Thursday, March 06, 2008

Easy? PLEASEy!

I think the kidlitosphere has well covered "Read Roger's" recent comments about adults who read children's books, but I did want to add something that came to mind.

Children's books are not necessarily easy for adults to read: in fact, children's books can be much more difficult for adults to read than for children. Diana Wynne Jones is the classic example, and she is well aware of that fact herself; she's written that children find her books much easier to deal with than adults do because they're used to accepting all sorts of things they don't understand. (I'm paraphrasing, unfortunately, because I can't find the quote.)

Getting into the right head space to truly do justice to a children's book can be quite challenging. I only wish I could read Jones like I did when I was a child.

Some adults may indeed decide to study children's literature expecting it to be a sinecure, but I'd like to think there are professors out there making life a little more difficult and interesting for them than they expected.

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OpenID anghara bligged...

THANK you for that. Children's lit isn't just "dumbed down" grown-up reading matter. You try that and you wait and see how fast the kids show you the door.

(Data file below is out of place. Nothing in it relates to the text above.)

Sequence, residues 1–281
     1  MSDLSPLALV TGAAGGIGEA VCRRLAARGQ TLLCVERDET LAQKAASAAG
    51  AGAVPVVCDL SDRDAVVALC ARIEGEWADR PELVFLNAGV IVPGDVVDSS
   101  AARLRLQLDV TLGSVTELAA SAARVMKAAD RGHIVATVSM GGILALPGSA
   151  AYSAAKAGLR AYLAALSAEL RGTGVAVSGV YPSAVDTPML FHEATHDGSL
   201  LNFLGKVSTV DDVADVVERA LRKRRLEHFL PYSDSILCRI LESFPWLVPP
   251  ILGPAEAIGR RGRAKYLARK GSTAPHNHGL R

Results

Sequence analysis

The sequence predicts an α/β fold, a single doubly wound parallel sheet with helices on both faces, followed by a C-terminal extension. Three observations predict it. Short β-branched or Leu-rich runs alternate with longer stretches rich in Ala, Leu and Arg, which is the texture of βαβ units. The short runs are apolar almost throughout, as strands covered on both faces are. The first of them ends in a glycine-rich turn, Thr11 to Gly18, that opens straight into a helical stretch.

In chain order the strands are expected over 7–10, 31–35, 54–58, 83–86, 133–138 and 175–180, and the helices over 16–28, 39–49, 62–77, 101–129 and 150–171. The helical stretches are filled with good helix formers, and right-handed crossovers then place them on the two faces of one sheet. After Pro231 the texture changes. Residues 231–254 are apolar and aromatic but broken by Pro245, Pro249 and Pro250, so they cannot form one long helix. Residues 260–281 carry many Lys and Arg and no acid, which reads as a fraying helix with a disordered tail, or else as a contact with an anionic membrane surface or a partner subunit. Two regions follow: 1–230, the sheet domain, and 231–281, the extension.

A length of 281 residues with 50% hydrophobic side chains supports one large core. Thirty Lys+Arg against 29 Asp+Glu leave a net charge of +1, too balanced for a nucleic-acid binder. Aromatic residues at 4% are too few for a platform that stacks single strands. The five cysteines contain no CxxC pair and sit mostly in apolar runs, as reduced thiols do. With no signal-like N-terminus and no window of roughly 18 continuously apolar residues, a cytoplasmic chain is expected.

As a writer of both adult and YA, I am very aware of the "oh, it's just a kid's book, you must have had a HOLIDAY writing that after the adult stuff" attitudes. Yes, I had a great deal of fun writing the YA books - but then, I have fun writing, period, and the books aimed at the younger audience were not in any way the condescending watered-down wine of "adult" literature that some people think such books must be. I *respect* my readers - all of them, be they 12 or 82. They have an equal right to have expectations from a writer - a good story - and that is the thing which I aim for, not an "easy" story or a story which implies that I believe that the readership it's aimed at simply isn't CAPABLE of appreciating anything more - oh - call it *sophisticated* than expected.

Frankly I've met 13-year-olds who show more scintillating insight than some of the highest "literary critics" in the land.

3/06/2008 1:34 PM  

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